The results for punishment are somewhat promising and could be explored further; however, the practical utility of response cost during instruction in actual learning situations is questionable. The research on added reinforcers for correct responses is somewhat limited and generally involves stimuli of questionable reinforcing value. In any case, this practice may not be practical in most learning situations, so research efforts should probably be concentrated on more realistic feedback variations.
Discussion and Future Research Directions
This review of feedback in programmed instruction suggests that feedback is superior to no feedback in promoting improved performance on a criterion test. KR is not recommended. KCR is somewhat effective, but further research is needed to determine the situations in which it is useful. Delayed feedback and review feedback seem to be no better than immediate feedback. Elaboration feedback and postfeedback delays with the question and feedback in view appear to be the most effective forms and are worth exploring further.
Given the lack of effectiveness of KR feedback, it seems unlikely that feedback functions primarily as reinforcement. Taken as a whole, this body of research suggests that the primary function of feedback is to provide additional instruction when pre-question information was insufficient.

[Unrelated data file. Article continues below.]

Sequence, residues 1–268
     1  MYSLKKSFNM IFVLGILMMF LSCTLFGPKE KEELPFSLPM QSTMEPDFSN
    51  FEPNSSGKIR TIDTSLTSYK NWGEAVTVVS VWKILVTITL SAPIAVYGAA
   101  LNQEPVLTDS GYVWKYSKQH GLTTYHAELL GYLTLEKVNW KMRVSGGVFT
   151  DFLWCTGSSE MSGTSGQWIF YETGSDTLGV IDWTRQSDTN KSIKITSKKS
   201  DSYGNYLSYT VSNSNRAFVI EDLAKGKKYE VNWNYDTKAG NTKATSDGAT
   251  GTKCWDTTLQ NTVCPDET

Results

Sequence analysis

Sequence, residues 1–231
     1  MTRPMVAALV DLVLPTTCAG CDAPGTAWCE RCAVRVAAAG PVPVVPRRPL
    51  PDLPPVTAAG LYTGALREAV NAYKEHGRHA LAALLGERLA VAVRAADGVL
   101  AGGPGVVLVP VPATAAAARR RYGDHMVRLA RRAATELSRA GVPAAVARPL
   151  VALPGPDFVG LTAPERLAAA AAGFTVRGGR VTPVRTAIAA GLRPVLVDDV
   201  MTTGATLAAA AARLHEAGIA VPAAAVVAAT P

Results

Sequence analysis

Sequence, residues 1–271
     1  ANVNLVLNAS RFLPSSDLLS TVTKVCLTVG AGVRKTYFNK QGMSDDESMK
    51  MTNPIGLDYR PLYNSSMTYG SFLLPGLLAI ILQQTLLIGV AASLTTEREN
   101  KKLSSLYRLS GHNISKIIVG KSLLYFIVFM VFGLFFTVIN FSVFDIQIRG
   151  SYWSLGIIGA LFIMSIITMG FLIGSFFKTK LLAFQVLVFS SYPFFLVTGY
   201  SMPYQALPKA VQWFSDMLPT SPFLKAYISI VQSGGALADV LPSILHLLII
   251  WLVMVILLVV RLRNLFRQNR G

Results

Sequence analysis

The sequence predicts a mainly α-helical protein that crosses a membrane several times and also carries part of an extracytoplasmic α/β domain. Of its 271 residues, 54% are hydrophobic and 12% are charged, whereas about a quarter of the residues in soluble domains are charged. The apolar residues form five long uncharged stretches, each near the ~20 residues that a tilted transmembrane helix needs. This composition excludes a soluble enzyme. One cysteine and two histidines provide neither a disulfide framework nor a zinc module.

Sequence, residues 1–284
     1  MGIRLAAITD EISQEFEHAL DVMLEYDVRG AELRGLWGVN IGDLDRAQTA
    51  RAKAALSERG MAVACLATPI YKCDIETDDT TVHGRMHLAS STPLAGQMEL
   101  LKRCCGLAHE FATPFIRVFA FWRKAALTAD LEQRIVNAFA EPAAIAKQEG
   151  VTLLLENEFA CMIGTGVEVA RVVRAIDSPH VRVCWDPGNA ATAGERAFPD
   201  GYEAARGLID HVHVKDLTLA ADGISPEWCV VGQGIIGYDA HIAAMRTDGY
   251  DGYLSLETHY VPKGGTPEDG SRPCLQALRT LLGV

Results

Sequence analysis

Consistent with this idea, as noted earlier, Grant et al. (1982) found that elaboration feedback was more effective than KCR feedback. More interestingly, they also showed that presenting the same information before the questions was more effective than using it as feedback and that the feedback groups required more time to complete the instruction.
Kulhavy, Yekovich, and Dyer (1976, 1979) showed that learners' confidence in their answers impacted the results of feedback. When learners reported greater confidence in their responses they spent more time studying KCR feedback after incorrect responses and were more likely to respond correctly to the same item on the posttest than when they reported lower confidence. It would be interesting to see if the same effect on posttest responding would be found if study time were equalized by imposing a posttfeedback delay.